A few weeks ago, we discussed lifestyle approaches to improve our mental health. I wanted to take some time and discuss a few more lifestyle approaches that we can utilize.
We were created to be social creatures. Having a supportive community can have a positive effect on our mental health. A community provides us with a sense of well-being. Community provides us with a group that we are part of. It can strengthen us through mutual support. You know someone has your back. Friendships and depression are inversely related, meaning as your close relationships increase your rates of depression decrease (1). You do not need to change who you are as a person. Some people enjoy lots of friendships, others thrive with a few close friends.
I know many of us have experienced a breakdown in our friendships and community. If you are looking to increase your friend circle a great place to start is with your interest and hobbies. It is interesting how easy it can be to connect when we find others with similar interests. Classes, clubs, and meet ups are great places to start. Church can provide a community, though it is important to get involved in small groups and Bible studies. Getting involved in the smaller groups allows you to make deep connections.
Time in Nature
Nature is all around us and we often take it for granted, but its effect on our mental well-being should remind us to cherish it. The Japanese coined a term “forest bathing”, which this entails spending time in nature and observing it. This is something that was common 150 years ago, but in our hustle and bustle culture we often miss quality time in nature. Studies have shown that those suffering from depression are 17 times as likely to recover when taking time to observe nature and appreciate its beauty compared to those participating in no treatment or conventional care (2).
Time in nature does not have to be a difficult process. Just going to a small park and spending 15 minutes per day has been shown to be beneficial. Take this time to observe the world around you. You can enjoy a walk or just find a comfortable place to sit. I often come back from these brief sessions refreshed and ready to tackle my day. “But ask the animals, and they will teach you, or the birds in the sky, and they will tell you; or speak to the earth, and it will teach you, or let the fish in the sea inform you. Which of these does not know that the hand of the Lord has done this.” Job 12: 7-9? Spending this intentional time in nature brings us into connection with the Creator of the universe.
Use of Screens
Continually in our society we find ourselves needing to use electronic devices. And while these devices can be a great tool, they do not come without risks. In children ages 2017 the more time they spend on screens is associated with a lower well-being. Electronic screen time has been shown to decrease curiosity, self-control, and emotional intelligence in the same population. When comparing high to low levels of screen time use those with high levels reported twice the among of anxiety and depression (3). What about adults? Research has demonstrated similar findings. As screen time increases, rates of depression increase. This occurs even if we account for the decrease in physical activity that often accompanies as screen time increases. It is interesting to note that screen time does not increase our social connectedness or our time in nature.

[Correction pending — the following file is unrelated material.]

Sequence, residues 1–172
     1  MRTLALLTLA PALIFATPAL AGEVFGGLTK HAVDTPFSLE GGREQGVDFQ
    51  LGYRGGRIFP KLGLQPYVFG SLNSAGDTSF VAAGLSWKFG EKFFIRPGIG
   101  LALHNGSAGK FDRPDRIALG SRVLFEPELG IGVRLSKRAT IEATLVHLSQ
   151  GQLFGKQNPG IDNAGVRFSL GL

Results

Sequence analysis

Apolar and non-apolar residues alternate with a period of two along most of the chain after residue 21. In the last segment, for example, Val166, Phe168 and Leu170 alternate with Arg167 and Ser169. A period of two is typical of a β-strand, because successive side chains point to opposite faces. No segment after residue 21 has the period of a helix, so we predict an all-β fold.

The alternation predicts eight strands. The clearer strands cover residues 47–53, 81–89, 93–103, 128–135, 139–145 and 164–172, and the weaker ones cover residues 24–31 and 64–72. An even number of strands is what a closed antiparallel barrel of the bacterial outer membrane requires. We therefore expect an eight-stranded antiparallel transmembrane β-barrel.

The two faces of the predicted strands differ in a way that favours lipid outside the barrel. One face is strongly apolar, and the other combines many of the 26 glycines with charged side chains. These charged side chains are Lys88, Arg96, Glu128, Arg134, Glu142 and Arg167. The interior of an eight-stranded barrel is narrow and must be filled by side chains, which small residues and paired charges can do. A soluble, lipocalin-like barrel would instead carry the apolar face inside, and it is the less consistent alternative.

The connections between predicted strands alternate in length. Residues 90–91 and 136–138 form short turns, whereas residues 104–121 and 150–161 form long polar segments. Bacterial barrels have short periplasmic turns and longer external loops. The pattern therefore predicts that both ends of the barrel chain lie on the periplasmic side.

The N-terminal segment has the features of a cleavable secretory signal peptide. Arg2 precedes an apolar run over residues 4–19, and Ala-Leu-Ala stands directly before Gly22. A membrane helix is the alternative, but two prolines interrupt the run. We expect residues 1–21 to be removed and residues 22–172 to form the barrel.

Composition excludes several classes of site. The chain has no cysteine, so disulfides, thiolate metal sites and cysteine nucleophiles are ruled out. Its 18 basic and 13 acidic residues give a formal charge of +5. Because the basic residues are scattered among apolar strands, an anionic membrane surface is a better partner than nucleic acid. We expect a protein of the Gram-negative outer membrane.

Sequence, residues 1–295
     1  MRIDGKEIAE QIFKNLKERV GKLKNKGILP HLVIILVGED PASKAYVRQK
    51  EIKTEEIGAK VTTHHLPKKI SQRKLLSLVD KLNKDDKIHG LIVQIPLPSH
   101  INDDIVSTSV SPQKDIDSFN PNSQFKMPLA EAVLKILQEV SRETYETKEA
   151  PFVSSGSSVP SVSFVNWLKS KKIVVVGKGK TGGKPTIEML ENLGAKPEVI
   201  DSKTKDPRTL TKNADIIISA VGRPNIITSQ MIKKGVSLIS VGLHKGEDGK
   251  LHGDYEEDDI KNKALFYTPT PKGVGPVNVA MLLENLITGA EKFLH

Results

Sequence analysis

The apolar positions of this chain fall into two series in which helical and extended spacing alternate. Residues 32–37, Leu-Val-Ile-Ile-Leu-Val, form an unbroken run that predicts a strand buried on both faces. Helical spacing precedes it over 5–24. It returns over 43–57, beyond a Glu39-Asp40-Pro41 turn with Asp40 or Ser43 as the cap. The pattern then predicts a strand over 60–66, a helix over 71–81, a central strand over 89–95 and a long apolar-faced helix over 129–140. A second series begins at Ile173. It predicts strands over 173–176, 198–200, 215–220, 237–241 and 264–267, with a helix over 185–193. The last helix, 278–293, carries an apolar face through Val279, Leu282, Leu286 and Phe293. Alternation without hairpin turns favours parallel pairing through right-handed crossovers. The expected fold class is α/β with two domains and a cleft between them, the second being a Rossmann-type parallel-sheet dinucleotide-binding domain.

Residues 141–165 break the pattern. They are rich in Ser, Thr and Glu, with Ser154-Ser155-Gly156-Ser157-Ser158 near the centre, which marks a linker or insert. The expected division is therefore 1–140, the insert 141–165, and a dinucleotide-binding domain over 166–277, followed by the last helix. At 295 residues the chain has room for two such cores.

Seek to minimize time on screens especially non-work-related activities on screens and social media. Take the time to connect with the people around you and enjoy the physical space that you are in. The real world is fascinating!
Please remember if you are experiencing a mental health crisis please reach out to SAMHSA’s National Helpline, 1-800-662-HELP (4357), or call 911.
May Your Health Prosper,
Elizabeth Perry, DNP
- Marver, J. E., Galfalvy, H. C., Burke, A. K., Sublette, M. E., Oquendo, M. A., Mann, J. J., & Grunebaum, M. F. (2017). Friendship, Depression, and Suicide Attempts in Adults: Exploratory Analysis of a Longitudinal Follow‐Up Study. Suicide and Life‐Threatening Behavior, 47(6), 660-671.
- Rosa, C. D., Larson, L. R., Collado, S., & Profice, C. C. (2021). Forest therapy can prevent and treat depression: Evidence from meta-analyses. Urban Forestry & Urban Greening, 57, 126943.
- Twenge, J. M., & Campbell, W. K. (2018). Associations between screen time and lower psychological well-being among children and adolescents: Evidence from a population-based study. Preventive medicine reports, 12, 271-283.
- Kotera, Y., Richardson, M., & Sheffield, D. (2022). Effects of shinrin-yoku (forest bathing) and nature therapy on mental health: A systematic review and meta-analysis. International Journal of Mental Health and Addiction, 20(1), 337-361.